DCSIMG

Law firms suffer fall in fees as north-south gap widens

Scottish legal firms are finding themselves falling a step behind their English counterparts. Picture: Ian Rutherford

Scottish legal firms are finding themselves falling a step behind their English counterparts. Picture: Ian Rutherford

  • by DOMINIC JEFF
 

Scotland’s largest law firms saw their revenues collapse by more than a fifth last year.

A survey of “top 100” legal firms by accountancy firm PwC found that average fee income in Scotland fell by 21.7 per cent, from £35.1 million to £27.5m.

Although PwC described 2012 as a tough year for legal businesses across the UK, firms south of the Border appeared to have fared much better than their Scottish counterparts. Among the second 50 tier, which includes the Scottish firms, revenues added 3.6 per cent to £35.9m on a UK-wide basis.

Michael McCusker, partner and legal services specialist at PwC in Scotland, said that the gap between best and worst performing firms is widening.

He added: “In Scotland, firms have been responding to the market challenges in a number of ways, for example reducing costs, improving partner and business performance and simplifying service delivery to clients.

“However, more clearly needs to be done to tackle ongoing pricing pressures along with the material reduction in the level of profit per equity partner recorded in 2012.”

Last year saw a number of mergers involving Scottish legal firms as many sought ways of maintaining profitability in the face of reduced demand for some services following the financial crisis and recession.

McCusker said the process would be likely to continue in 2013, while others would become more specialised in order to win clients.

“With pricing pressures likely to remain for the foreseeable future, we may see more firms looking to achieve real reductions in the cost of service delivery through mergers or perhaps even identifying new areas of expertise to exploit,” he said.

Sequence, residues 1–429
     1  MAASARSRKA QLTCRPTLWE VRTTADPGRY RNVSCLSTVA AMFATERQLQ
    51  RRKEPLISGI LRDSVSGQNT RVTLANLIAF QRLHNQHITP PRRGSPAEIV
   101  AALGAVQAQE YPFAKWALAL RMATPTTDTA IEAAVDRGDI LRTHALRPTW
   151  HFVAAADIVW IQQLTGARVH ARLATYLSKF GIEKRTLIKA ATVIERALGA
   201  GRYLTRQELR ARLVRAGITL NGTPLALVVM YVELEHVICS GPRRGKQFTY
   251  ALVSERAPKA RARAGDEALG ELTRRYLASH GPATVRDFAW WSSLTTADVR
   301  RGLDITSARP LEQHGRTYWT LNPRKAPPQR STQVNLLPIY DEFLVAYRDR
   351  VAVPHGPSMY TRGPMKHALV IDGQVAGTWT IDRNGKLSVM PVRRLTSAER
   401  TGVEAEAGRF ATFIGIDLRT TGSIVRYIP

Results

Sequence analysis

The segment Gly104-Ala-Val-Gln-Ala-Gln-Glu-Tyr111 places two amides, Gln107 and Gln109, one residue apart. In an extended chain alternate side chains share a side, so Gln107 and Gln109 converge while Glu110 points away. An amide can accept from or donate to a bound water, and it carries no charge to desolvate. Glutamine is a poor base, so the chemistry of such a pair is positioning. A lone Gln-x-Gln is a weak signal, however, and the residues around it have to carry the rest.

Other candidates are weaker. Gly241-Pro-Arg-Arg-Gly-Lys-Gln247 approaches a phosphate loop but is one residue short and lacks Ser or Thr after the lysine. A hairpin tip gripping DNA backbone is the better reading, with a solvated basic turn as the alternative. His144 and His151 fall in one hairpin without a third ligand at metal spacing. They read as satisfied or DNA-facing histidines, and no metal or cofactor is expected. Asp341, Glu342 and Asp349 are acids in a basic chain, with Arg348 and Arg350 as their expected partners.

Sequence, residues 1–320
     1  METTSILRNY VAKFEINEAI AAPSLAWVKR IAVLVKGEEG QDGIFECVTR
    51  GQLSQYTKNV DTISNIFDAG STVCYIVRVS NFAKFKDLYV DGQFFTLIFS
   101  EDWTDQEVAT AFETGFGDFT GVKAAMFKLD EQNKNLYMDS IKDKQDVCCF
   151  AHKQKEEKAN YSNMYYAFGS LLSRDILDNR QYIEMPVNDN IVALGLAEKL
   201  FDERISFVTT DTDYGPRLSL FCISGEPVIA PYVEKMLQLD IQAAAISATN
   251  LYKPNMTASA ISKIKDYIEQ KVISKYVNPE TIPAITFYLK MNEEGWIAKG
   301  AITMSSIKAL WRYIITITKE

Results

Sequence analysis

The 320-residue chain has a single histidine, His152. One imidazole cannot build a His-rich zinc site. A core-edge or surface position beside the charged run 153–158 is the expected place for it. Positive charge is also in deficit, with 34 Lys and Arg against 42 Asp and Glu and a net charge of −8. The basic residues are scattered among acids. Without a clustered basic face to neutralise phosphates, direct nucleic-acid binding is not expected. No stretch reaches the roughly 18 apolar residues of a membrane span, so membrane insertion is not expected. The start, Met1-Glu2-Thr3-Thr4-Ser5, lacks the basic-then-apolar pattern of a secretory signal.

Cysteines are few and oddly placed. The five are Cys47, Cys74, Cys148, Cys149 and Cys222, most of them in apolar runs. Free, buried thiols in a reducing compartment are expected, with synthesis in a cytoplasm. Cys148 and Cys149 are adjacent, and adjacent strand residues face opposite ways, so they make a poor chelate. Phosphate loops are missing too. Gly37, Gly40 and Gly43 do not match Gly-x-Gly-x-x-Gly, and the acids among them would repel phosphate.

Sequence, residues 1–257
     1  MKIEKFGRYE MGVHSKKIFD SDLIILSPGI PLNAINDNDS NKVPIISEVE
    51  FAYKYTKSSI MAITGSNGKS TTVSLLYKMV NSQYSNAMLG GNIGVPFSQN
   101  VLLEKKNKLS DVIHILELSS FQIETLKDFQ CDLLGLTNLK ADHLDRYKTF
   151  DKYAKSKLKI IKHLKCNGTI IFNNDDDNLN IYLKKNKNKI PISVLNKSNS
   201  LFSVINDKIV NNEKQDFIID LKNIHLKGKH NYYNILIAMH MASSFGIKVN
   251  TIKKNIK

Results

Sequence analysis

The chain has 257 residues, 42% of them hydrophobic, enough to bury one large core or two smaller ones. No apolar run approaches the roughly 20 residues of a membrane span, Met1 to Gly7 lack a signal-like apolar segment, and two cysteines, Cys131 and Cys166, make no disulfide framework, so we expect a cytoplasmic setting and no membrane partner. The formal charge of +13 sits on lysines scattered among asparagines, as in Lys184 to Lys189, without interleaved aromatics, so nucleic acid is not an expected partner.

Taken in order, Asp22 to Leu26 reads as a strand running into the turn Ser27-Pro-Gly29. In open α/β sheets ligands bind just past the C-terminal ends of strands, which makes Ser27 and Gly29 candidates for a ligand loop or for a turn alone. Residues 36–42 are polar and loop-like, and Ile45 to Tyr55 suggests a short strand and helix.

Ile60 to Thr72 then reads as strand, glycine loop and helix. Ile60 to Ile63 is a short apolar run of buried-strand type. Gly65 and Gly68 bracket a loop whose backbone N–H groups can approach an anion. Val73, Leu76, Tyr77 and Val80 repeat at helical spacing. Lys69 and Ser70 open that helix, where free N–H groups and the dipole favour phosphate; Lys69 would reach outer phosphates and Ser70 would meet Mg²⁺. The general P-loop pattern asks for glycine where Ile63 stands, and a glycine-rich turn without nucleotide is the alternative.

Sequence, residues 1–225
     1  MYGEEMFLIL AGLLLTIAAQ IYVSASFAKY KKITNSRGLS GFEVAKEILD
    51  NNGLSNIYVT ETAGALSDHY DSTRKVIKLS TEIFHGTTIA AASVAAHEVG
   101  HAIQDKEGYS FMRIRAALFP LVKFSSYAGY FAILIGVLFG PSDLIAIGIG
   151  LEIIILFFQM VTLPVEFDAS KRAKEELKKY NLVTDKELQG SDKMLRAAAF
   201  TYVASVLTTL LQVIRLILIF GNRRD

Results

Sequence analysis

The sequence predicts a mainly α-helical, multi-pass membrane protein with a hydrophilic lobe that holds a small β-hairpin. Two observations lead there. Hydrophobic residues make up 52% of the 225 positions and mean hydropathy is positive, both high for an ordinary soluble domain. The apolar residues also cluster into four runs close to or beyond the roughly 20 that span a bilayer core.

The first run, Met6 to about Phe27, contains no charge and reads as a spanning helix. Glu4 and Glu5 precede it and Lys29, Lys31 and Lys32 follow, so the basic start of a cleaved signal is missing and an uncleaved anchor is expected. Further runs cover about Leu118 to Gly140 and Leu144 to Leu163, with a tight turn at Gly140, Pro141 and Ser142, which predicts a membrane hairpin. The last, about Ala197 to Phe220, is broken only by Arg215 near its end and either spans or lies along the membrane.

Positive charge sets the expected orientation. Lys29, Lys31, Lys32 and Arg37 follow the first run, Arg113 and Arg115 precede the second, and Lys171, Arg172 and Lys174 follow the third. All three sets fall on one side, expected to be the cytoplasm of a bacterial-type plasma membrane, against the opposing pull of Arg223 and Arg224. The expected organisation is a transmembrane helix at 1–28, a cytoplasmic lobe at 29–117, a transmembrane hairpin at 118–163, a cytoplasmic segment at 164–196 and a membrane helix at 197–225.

“Indeed, those firms that can deliver a quality client service in a niche area may perform better over the longer term than those which seek to provide a full service offering with no differentiation.”

More than half of UK firms surveyed said they viewed mergers and acquisitions as a major opportunity for growth, with bigger Scottish legal practices mostly likely to join with other UK firms rather than international organisations.

Profit margins in Scotland remained consistent last year at 26.6 per cent, above average for similar sized firms.

The data suggests that at least some of Scotland’s largest law firms suffered a considerable slump in revenues and income in the second half of last year, as reports for the financial year to April did not indicate the sector was experiencing such a squeeze.

PwC said that, while it was possible that there could be some distortion to the figures because of the mergers, the data was consistent with the information supplied by the mix of firms 
participating in its survey.

UK firms remain a long way short of the levels of performance they saw at the peak of the market back in 2008. The survey found that, in real terms, 
average UK fees per partner have fallen 22 per cent in four years.

And established legal firms will face challenges from new entrants to the market this year as new legislation makes it easier for businesses to enter the legal sector.

 

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